Real Simple Syndication (RSS) allows site owners to automatically syndicate their content to readers in an easy to read format. For the reader this is content delivered to their inbox or reader! In many instances this is a reverse of roles, the content is coming to the reader, not the reader to the content.
The idea of this post is to explore the different tweeks and additions you can make to your RSS feed to improve the overall RSS experience for your readers and drive traffic through promoting your content.
Firstly I would recommend allowing readers access to the full content of your posts in their feed reader. I have found that only publishing extracts and requiring readers to actually visit your blog to view the full posts, causes readers to become annoyed. I know the idea is to generate traffic to your website, but remember it is better to have a subscriber than not. Observers have noted the type of people who subscribe to RSS feeds generally tend to be those who know their field. Be honered there reading your content! Allowing them to read the full content of your posts, promotes them to become more interested in you and what you have to say.
Someone to watch over me
Pretty much everyone uses Feedburner, and recently it was taken over by Google. I use it to manage my RSS feed. With feedburner I can see how many readers I have as well as getting a break down of what system they use to read my updates and also offer readers the ability to subscribe to my blog updates via e-mail. You can see all this in operation on my site right now!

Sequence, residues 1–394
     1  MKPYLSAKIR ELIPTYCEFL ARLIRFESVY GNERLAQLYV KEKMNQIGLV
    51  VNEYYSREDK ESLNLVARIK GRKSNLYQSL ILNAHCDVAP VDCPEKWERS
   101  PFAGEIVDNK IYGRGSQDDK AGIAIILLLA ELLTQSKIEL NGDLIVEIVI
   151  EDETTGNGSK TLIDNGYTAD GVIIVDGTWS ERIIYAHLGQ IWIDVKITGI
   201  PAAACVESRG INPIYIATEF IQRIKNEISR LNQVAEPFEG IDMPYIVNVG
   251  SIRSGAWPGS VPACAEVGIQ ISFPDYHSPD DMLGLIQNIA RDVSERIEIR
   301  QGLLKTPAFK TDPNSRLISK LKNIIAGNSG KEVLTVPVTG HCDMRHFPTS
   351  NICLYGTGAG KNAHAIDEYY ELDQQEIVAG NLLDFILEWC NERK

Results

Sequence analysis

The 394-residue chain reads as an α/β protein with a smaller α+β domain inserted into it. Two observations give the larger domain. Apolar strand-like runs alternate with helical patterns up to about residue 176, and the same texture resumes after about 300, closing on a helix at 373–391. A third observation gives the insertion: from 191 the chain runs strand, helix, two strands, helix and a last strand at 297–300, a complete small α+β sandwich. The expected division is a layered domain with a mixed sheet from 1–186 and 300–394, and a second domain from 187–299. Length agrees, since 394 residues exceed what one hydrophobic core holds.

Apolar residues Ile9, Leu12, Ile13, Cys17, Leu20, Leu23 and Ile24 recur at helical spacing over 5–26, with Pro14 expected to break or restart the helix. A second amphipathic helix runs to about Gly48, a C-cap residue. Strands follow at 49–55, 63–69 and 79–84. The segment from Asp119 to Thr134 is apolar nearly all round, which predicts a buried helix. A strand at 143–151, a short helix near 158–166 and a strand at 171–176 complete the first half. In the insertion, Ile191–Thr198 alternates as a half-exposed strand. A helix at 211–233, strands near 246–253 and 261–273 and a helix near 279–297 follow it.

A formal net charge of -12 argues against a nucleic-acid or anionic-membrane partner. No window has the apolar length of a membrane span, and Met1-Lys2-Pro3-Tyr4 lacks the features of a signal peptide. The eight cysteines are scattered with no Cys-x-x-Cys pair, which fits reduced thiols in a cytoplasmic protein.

I would recommend activating FeedFlare in your feedburner account which will allow you to build in interactive features to the feed. This means you can show your users how many people have commented on your post, thus generating some traffic back to your blog to read these comments.
Note:In order to use feedburner you also need the feedburner plugin for your wordpress blog (if your using wordpress).
This plugin makes it easy to redirect 100% of traffic for your feeds to a FeedBurner feed you have created. FeedBurner can then track all of your feed subscriber traffic and usage and apply a variety of features you choose to improve and enhance your original wordPress feed.
Related Posts Plugin
This is a wonderful addition to your website, if you don’t have the related posts plugin already give it a try. Not only does it supply related posts for your blog content, but it also does so for RSS feeds. This falls back into what I was talking about earlier, regarding giving away ‘free content’ or full posts. By adding related posts to your feeds your readers can now find assicated articles which are linked back to your website.
Polls are a wonderful form of interaction between the author and the reader, in regards to the feed, it once again promts visitors from the feed to your website, so that they too can vote in your poll.
I am going to throw in this line about video, but it is a little redundant today. Previously most RSS readers did not support video players, so RSS subscribers had to visit your website to actually watch the video. However these days, readers do support this. Just a quick point really!
With modern browsers it is easy to subscribe to a feed by clicking on the usually built in RSS icon, safari has one beside the URL bar. However there is no harm in popping an RSS icon into your sidebar, as I have done in a prominent place on my website. You can also show off how popular you are by placing a FeedCount badge on your widget.
These are just a few tips I can share with you based on my experience on RSS feed tweeks. Please do share your views of RSS feeds, and any suggestions you may have for enhancing reader experience & promote traffic to your website!